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About my favorite athletes…Mike O’Shea and brown tap water…no more hanky-panky from CFL coaches…scuzzy Pete Rose…Usain Bolt losing to a drug cheat…and another gay slur

I cannot survive in a 140-character world, so here are more tweets that grew up to be too big for Twitter…

From the top: Wilma Rudolph, Sandy Koufax and Arnold Palmer, Martina Navratilova, Rafa Nadal and Bjorn Borg.

Came across an interesting item on social media the other day, whereby folks were listing their all-time favorite athletes. Not a greatest athlete list, understand. A fave list. Here’s mine:

Wilma Rudolph: So sleek, so elegant. Such regal bearing. The Italians called her La Gazzella Negra and, to the French, she was La Perle Noir. I adored the American sprinter who blossomed from sickly child (polio, double pneumonia, scarlet fever) into an Olympic champion sprinter. She wowed the world at the 1960 Games in Rome, skedaddling to three gold medals. Once back home in Clarksville, Tenn., she insisted that a parade/gala in her honor include all townsfolk, and history records it as the first fully integrated municipal event in town history.

Martina Navratilova: When the tennis legend defected from the former Czechoslovakia in 1975, she was a high school kid with everything going against her. English was not her first language. Family and friends were on the other side of the world. Fear of being seized and hauled back to her homeland by thugs in trench coats was ever-present. She had a fondness for Big Macs and large fries. And, as we discovered a few years later, she was a lesbian, which was a lot less cool then than it is now. But, as she was to tell news snoops in early September of ’75, “I wanted my freedom.” Once untethered from the leash of communist state suppression, Navratilova became the greatest player of her generation. To some, the greatest ever. And she’s long been a leading voice in the LGBT community.

Sandy Koufax: I should have been mad at Koufax on Oct. 6, 1965. The Los Angeles Dodgers—my team—were in Minneapolis to engage a hefty-hitting Minnesota Twins batting lineup in Game 1 of the World Series. Koufax, the premier pitcher in Major League Baseball, should have been on the mound. Instead, it was Don Drysdale, who, although no slouch on the hill, was no Koufax. But I couldn’t get mad at the great lefthander because his reason for taking the day off was unassailable—it was Yom Kippur, the holiest day on the Jewish calendar. Sandy Koufax was my favorite player long before he deferred to his faith by declining to start Game 1, but his decision still resonates with me, much more than any of the other-wordly numbers that he posted during the 1960s. It was a shining life lesson, even for a Roman Catholic kid. (p.s. The Dodgers won the Series, with Koufax pitching successive shutouts in Games 5 and 7, the latter on only two days rest.)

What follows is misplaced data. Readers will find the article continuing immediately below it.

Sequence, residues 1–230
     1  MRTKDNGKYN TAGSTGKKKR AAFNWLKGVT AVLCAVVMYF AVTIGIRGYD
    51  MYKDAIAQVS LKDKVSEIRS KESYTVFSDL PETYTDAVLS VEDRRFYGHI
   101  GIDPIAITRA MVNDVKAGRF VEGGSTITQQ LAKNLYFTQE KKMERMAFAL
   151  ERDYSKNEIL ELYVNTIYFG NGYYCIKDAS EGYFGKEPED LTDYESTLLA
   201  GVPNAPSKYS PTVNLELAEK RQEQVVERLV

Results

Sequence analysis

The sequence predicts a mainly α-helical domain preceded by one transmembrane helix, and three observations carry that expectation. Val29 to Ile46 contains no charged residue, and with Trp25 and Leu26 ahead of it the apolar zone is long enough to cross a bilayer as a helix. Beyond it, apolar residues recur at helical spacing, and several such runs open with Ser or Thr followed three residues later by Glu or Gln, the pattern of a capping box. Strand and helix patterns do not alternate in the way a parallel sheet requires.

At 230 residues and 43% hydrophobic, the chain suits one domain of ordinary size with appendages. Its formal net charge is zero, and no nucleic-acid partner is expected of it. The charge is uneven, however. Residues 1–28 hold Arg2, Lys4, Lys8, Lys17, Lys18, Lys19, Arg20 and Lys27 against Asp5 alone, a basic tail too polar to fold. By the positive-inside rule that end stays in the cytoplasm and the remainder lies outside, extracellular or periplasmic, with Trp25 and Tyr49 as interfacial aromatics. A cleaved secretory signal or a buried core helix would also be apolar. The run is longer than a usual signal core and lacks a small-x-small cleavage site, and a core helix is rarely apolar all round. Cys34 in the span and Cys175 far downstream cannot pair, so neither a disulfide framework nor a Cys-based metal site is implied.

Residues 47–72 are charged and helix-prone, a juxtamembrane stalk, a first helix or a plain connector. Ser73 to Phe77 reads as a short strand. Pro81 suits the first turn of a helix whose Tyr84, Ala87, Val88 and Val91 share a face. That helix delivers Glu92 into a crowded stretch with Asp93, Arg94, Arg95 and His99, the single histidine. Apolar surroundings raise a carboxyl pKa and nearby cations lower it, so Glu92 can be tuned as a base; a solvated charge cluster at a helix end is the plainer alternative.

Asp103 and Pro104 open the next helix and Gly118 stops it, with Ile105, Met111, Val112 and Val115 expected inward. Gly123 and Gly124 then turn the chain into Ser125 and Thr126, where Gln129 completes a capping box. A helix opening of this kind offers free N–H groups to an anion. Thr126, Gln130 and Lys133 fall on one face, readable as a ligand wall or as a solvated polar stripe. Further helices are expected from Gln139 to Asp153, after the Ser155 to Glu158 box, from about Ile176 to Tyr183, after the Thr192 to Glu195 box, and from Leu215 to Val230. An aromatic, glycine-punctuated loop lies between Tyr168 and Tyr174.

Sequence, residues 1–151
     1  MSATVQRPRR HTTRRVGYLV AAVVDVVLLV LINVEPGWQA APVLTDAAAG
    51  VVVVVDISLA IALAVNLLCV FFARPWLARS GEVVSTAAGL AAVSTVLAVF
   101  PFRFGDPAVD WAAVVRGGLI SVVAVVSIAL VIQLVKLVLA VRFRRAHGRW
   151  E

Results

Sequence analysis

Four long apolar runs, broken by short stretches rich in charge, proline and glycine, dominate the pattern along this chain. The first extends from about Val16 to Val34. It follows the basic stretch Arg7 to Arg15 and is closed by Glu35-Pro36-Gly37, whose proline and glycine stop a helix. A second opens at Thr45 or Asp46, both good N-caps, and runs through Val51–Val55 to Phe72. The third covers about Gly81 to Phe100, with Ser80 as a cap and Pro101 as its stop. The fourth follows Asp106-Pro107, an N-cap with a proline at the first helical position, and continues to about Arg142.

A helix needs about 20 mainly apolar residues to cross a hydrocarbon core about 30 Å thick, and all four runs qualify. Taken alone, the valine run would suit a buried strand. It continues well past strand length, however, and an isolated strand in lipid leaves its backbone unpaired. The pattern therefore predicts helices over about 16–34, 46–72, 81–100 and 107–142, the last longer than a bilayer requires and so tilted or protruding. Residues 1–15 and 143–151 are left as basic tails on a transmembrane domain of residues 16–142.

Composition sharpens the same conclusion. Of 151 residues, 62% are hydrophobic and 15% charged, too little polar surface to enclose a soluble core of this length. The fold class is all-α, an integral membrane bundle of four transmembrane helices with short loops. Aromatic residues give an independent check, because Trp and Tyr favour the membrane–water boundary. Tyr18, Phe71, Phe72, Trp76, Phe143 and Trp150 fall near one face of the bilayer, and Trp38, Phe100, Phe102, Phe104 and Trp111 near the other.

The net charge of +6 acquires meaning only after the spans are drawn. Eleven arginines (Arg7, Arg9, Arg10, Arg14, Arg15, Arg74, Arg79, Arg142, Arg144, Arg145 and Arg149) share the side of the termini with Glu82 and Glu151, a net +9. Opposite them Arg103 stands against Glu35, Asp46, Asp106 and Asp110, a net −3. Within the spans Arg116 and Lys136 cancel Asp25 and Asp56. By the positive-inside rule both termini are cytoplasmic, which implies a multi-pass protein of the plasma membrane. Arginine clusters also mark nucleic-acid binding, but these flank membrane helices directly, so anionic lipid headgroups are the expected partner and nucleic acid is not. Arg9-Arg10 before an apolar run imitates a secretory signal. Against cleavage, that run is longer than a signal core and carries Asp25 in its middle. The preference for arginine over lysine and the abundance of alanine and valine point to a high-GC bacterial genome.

Bjorn Borg: He was the anti-Johnny Mac. While John McEnroe would disrupt matches with volcanic eruptions of petulance, Borg played tennis with a Zen-like calm, utilizing an assortment of two-fisted, cross-court backhands and top-spinning forehands to disassemble foes en route to 11 Grand Slam championships, including five successive Wimbledon titles. I admired the Swede’s calm amidst chaos, his unflappable resolve, and his quiet intensity—all wrapped in a cloak of mystery—as much as I did his groundstrokes. To this day, I wonder what made Borg tick.

Arnold Palmer/Rafael Nadal: Okay, this is cheating. But I couldn’t decide between Rafa, the king of clay court tennis, and Arnie, the king of golf. Arnie and Sandy Koufax were my go-to guys as a kid, Rafa is my go-to guy in my dotage. Arnie was a swashbuckler, daring and charismatic, and universally respected and admired as a sportsman and, more important, as a person. Rafa arrived on the tennis scene with bulging biceps, sleeveless tops and pirate pants. “Different,” I thought upon seeing him for the first time. Well, vive la difference! Rafa adorns himself in regular tennis togs now, but there’s never been anything regular about his game. Especially on clay. And the Spaniard seems like such a nice, young man.

The Winnipeg Blue Bombers offed the RedBlacks, 33-30, in Ottawa on Friday night, in large part because Mike O’Shea managed to stay out of his own way. I guess that means the natterbugs will have to squawk about something other than the head coach’s short pants this week. Maybe they can blame him for that scuzzy brown tap water in River City.

CFL commish Randy Ambrosie

Upon further review, further review was ruining the game, so bravo to commish Randy Ambrosie and Canadian Football League team poobahs for taking away every head coach’s favorite toy—the challenge flag. Well, okay, the sideline stewards aren’t exactly hanky-free. Each coach is still allowed to toss one yellow hanky each game, but that beats a total of six potential challenges per match.